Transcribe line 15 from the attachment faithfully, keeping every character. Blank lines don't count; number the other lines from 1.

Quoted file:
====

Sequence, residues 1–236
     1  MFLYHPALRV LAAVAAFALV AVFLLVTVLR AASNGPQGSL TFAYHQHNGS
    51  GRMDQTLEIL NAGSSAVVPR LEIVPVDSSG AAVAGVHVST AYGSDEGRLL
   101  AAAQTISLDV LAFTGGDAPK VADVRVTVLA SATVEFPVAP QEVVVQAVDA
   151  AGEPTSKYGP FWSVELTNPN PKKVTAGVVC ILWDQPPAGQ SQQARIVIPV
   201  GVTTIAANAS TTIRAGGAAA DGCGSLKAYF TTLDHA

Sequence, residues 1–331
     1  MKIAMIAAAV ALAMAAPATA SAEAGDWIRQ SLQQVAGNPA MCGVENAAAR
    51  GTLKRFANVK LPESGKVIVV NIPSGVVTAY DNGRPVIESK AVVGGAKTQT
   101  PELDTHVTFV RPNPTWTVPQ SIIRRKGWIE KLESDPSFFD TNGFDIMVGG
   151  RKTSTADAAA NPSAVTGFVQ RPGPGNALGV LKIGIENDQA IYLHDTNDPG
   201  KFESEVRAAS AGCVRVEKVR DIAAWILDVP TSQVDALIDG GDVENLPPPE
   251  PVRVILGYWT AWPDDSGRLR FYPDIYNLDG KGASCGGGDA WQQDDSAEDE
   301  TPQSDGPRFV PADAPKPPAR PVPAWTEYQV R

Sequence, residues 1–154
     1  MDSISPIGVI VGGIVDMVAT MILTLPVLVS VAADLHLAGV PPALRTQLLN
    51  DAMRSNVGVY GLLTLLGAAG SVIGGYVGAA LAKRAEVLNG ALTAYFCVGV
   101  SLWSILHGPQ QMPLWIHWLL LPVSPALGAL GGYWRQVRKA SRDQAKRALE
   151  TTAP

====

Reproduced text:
Sequence, residues 1–154